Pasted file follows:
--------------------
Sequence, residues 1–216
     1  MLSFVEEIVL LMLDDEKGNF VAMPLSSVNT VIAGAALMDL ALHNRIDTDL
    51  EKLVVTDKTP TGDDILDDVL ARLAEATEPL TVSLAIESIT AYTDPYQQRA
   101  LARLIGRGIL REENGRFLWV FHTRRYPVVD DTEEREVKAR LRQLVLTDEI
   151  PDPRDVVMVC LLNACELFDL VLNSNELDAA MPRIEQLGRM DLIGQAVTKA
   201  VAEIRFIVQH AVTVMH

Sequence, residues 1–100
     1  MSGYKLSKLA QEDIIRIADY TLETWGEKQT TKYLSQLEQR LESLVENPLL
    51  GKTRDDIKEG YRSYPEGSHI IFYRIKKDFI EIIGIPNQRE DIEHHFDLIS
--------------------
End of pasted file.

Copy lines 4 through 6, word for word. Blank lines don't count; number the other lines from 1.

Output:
   101  LARLIGRGIL REENGRFLWV FHTRRYPVVD DTEEREVKAR LRQLVLTDEI
   151  PDPRDVVMVC LLNACELFDL VLNSNELDAA MPRIEQLGRM DLIGQAVTKA
   201  VAEIRFIVQH AVTVMH